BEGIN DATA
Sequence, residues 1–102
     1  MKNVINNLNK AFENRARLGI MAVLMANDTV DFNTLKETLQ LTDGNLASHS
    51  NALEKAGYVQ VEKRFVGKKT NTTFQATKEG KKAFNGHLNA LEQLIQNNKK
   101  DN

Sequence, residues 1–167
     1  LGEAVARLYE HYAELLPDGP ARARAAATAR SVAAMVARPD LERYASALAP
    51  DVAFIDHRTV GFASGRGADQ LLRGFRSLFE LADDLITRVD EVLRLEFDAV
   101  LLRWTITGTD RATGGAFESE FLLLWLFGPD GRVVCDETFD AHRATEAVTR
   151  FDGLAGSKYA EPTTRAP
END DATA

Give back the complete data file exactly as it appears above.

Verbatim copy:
Sequence, residues 1–102
     1  MKNVINNLNK AFENRARLGI MAVLMANDTV DFNTLKETLQ LTDGNLASHS
    51  NALEKAGYVQ VEKRFVGKKT NTTFQATKEG KKAFNGHLNA LEQLIQNNKK
   101  DN

Sequence, residues 1–167
     1  LGEAVARLYE HYAELLPDGP ARARAAATAR SVAAMVARPD LERYASALAP
    51  DVAFIDHRTV GFASGRGADQ LLRGFRSLFE LADDLITRVD EVLRLEFDAV
   101  LLRWTITGTD RATGGAFESE FLLLWLFGPD GRVVCDETFD AHRATEAVTR
   151  FDGLAGSKYA EPTTRAP